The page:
One in six NHS hospitals 'expanding private work'

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Doctor holding banknotes
Image caption,
Self-funded services are charged at NHS cost price

One in six NHS hospitals in England has begun offering private treatment options to their patients this year, an investigation reveals.

The British Medical Journal (BMJ) obtained data from 134 of England's 160 acute hospital NHS trusts.

It found 21 had recently introduced private or "self-funded" services.

Treatments offered include IVF treatment, varicose-vein removals and hernia repairs, charged at what they would normally cost the NHS.

Many are treatments that cash-strapped NHS commissioners now restrict or for which there are long NHS waiting times.

Providers told the BMJ the schemes made care more accessible to patients.

But critics say the growth of self-funding has muddied the waters between private care and the NHS by creating a two-tier system - particularly in combination with government rule changes that allow hospitals to raise up to 49% of funds through non-NHS work.

Hospitals that have introduced "pay for" options in the past year include:

  • Warrington and Halton Hospitals NHS Foundation Trust for varicose vein surgery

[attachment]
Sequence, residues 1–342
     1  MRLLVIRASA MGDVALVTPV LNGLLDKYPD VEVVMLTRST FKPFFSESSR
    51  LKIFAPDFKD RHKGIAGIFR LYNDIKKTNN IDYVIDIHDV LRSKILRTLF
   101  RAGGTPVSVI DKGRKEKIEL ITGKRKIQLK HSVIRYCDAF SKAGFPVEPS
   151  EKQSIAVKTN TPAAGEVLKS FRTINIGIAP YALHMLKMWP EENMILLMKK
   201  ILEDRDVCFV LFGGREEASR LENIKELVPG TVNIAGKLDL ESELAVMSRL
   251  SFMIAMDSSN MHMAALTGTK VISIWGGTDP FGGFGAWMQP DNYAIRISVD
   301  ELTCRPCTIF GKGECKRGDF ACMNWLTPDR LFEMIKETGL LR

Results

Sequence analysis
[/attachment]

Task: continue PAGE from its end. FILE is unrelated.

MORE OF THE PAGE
• Epsom and St Helier University Hospitals NHS Trust for liver scans, and age-related macular degeneration
  • Princess Alexandra Hospital NHS Trust in Essex for imaging services and chemotherapy
  • Mid Cheshire Hospitals NHS Foundation Trust for cycles of IVF treatment for patients who have used up their NHS-funded cycles

According to the BMJ investigation, nine in 10 trusts - 119 in all - now offer private or self-funded services.

The Foundation Trust Network, which represents NHS foundation hospital trusts in England, said that most trusts had systems in place to stop paying patients "queue jumping" ahead of NHS patients when being treated in the same facility, and that it expected more treatments to be available to self-funding in the future.

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